So I drove down to the Sprint store on Saturday morning when Berck was working. I’d intended to do it on Friday, but I had too much to do. I had a heck of a time finding it. It’s “at the corner” of Vickers and Academy, but it’s not. If you drive into the shopping area at the southeast corner of the intersection, you still have to explore all of the different facets of the different strips of stripmall before you’ll find it. And that’s after I exhausted the other three corners.

When you go into a Sprint store, you’re met at the door by a “host.” It’s this person’s job to take down your information, then tell you to wander around until one of the other people is free to deal with you. “What’s your name?” he asked.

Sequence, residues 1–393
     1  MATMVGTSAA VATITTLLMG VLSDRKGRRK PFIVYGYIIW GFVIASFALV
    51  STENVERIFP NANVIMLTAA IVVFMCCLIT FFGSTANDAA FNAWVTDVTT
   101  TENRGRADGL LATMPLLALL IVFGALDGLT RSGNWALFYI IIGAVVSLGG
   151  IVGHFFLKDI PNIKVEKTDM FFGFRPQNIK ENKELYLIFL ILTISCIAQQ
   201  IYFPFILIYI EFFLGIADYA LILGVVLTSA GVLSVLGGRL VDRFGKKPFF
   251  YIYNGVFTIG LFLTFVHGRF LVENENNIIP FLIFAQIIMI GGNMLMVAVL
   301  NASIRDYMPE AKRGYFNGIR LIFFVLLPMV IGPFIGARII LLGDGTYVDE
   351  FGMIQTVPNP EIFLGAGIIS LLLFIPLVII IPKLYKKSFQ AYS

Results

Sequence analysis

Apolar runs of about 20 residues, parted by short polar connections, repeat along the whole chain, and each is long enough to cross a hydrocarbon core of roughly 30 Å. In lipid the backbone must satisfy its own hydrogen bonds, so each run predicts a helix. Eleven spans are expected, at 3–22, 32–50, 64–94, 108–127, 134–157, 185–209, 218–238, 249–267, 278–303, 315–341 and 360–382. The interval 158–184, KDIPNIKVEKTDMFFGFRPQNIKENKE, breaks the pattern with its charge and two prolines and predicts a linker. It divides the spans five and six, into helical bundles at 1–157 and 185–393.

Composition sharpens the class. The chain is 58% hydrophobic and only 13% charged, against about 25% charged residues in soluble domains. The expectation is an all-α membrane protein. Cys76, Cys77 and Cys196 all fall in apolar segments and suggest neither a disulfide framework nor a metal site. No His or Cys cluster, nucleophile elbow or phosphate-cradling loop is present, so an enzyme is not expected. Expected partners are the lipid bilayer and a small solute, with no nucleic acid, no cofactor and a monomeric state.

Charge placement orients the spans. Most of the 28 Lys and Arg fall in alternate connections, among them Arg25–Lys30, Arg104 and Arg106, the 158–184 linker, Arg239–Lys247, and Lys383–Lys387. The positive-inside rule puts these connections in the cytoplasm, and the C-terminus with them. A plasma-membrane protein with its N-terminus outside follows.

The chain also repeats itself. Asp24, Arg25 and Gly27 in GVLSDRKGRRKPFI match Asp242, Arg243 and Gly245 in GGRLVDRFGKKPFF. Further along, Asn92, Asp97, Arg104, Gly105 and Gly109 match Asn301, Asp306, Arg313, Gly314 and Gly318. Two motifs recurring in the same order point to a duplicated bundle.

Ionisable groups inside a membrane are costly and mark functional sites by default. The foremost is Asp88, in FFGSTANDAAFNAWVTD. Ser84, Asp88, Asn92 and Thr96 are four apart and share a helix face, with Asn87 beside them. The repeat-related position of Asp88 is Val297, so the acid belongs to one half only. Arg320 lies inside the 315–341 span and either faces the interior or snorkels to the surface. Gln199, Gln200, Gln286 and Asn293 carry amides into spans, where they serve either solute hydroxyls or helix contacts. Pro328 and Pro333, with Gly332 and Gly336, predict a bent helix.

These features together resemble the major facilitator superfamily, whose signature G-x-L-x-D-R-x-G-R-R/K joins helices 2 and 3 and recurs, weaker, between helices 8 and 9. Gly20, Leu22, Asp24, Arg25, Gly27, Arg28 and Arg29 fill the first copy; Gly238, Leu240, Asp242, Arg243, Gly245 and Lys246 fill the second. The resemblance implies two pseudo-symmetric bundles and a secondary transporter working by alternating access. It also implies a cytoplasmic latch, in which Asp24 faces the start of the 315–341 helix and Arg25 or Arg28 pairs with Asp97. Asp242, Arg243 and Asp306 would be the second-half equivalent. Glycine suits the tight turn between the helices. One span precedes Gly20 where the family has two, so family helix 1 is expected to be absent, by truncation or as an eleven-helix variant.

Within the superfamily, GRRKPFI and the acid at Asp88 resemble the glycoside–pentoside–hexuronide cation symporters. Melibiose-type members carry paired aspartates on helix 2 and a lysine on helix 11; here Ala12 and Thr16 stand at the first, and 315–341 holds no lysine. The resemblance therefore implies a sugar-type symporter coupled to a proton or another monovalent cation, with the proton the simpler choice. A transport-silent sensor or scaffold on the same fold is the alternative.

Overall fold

“Do you want my name or the name of the person on the account?”

“Your name is fine. Someone will call you. What’s your phone number?”

“My phone number?”

“No, the number on the account.”


Finally, Rachel called me. I told her that I needed to buy the Treo 650 for my boss, and not to activate it yet because he was still using his old one. “And I get $75 off the price if I sign up for Internet and agree to a two year contract?”

“No,” said Rachel, “That requires the primary phone user. They have to come here themselves.”

“What?!” I exclaimed, “I talked to customer service AND someone at THIS store, and they both said nothing about that! I explained to the person at this store that I would be buying it for my boss!”

“Who did you talk to?” Rachel asked. (You see how made it a point to remember HER name?)

“I don’t know!” I said, “I didn’t bother to write down her name! I didn’t think I’d have to call her as a witness!”